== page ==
Blogger Library Service to Underserved Children and Their Caregivers committee

Partnerships with arts organizations to enhance programs

As mentioned in my February 2, 2018 ALSC post (Arts enhance experiences for under-served populations), the arts provide many entry points for youth participation. It encourages individuality, exploration and the process is as important as the outcome. This past year, my colleague Becca Tanen,  DC Public Library’s Children’s Librarian for the Center for Accessibility, wanted to explore theater based activities for program enhancement. So she decided to do a partnership with a theater company. After researching organizations with experience creating universally designed programs, she reached out to Imagination Stage (IStage) for the partnership with this endeavor. IStage is one of DC’s renowned regional youth theater organizations, Partnership Goals and Process The partnership goals were to learn new program ideas through theater and to offer a different type of activity for all children – meaning there are no barriers to participation. Below Becca describes her experience with this collaboration. “The workshops were…

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Children’s Librarians are Experts at …School Readiness

The King County Library System has been partnering with its local Child Care Resources to bring Kaleidoscope Play and Learn to the communities we serve. Kaleidoscope Play & Learn is a school readiness program coordinated by Washington State’s Child Care Resources.  Many children ages birth to 5 are not enrolled in formal early learning programs or licensed child care.   The purpose of Kaleidoscope Play & Learn (KP&L) is to work with family, friend and neighbor caregivers, and parents to provide support in preparing their children for success in school and life through quality early childhood experiences.  The program consists of weekly, facilitated groups of 90 minutes or more.  Each session begins with child-directed play and concludes with a coordinated large group activity.  At the library the large group activity is story time, of course!  Children and caregivers participate in open-ended, child-directed play, choosing from a variety of play centers, which…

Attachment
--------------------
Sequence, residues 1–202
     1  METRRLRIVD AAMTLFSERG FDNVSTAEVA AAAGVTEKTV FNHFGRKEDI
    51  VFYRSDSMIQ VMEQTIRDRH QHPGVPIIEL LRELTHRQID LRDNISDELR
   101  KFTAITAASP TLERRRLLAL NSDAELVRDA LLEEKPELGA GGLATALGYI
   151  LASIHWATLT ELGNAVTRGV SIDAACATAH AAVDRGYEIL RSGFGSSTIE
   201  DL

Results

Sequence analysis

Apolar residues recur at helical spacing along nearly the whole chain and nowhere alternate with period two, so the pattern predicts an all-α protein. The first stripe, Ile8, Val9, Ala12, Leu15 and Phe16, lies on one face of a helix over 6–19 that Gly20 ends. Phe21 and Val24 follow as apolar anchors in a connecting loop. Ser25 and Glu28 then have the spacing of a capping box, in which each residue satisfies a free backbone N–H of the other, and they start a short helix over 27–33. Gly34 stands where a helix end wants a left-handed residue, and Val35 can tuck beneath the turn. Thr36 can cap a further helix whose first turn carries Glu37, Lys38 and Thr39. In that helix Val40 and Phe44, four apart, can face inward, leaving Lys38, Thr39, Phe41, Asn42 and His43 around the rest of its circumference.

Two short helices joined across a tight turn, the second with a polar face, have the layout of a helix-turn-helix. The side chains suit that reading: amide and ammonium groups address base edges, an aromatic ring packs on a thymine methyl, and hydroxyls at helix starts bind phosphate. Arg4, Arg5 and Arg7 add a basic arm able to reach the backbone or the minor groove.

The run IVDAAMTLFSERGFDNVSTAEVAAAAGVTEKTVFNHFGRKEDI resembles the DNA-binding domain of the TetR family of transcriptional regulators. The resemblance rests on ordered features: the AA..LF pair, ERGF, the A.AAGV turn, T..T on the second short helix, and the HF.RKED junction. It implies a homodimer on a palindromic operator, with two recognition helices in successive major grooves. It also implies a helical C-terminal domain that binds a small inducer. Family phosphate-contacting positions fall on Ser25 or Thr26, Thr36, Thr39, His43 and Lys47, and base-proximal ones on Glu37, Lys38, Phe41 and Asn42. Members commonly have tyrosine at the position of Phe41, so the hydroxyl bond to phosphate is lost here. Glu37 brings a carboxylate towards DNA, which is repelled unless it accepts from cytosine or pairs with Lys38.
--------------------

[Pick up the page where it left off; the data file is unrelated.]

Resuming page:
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Daddy & Me: A Partnership with Brooklyn Public Library and NYC Department of Corrections

On any given day, the New York City Jails have a population of almost ten thousand inmates.* The Brooklyn Public Library, along with the New York Public Library, have dedicated outreach teams that provide library services through a partnership with the NYC Department of Corrections. In addition to offering library lending services inside the facilities, the library has attempted to create ways to connect the people who are detained to their families and communities. This includes the library Televisit program, which allows families to visit select library locations in order to communicate to incarcerated individuals via video chats, and the Daddy & Me Program that takes place in the jail facilities. Recently I joined my colleague Nick Franklin, the coordinator of Jail and Prison Services for the Brooklyn Public Library, on a bus trip to the NYC Jail located on Rikers Island. We were on our way to Family Day,…

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Getting Creative with Partnerships – Public Libraries and Community Arts Organizations

As children’s librarians, most of us excel at presenting programs based around our professional and educational training – early literacy storytimes, children’s literature book discussions, or library and research skills classes. We all draw from our unique, diverse backgrounds to provide other types of programs as well, in areas like STEAM for instance. However, no one librarian, or even library department or system, can present programs on every topic of interest to their community on their own. Programming is an area where building relationships with other community organizations can be especially beneficial. In particular, organizations related to the creative arts, such as music, theater, and writing, can be a great fit for collaborating with libraries. What are some of the benefits to working with these community arts organizations? Adds variety to the types of library programs available to patrons. Regular patrons will be pleased that you’re providing them with more…